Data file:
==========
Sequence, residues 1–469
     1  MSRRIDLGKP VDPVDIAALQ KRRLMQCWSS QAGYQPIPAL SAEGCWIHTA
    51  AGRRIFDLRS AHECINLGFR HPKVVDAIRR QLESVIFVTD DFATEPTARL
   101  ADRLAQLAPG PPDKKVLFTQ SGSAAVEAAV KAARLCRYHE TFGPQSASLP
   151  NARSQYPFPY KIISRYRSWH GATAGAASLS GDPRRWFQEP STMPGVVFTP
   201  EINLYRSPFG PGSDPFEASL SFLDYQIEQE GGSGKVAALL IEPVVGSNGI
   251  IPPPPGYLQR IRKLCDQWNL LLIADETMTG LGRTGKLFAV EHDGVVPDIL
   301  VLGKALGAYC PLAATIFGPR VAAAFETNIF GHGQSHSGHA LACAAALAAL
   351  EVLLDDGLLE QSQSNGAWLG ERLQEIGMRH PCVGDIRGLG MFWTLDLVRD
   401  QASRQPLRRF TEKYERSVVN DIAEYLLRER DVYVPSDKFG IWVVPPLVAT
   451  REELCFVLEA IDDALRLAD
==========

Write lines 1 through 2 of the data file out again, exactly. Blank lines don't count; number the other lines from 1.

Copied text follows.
Sequence, residues 1–469
     1  MSRRIDLGKP VDPVDIAALQ KRRLMQCWSS QAGYQPIPAL SAEGCWIHTA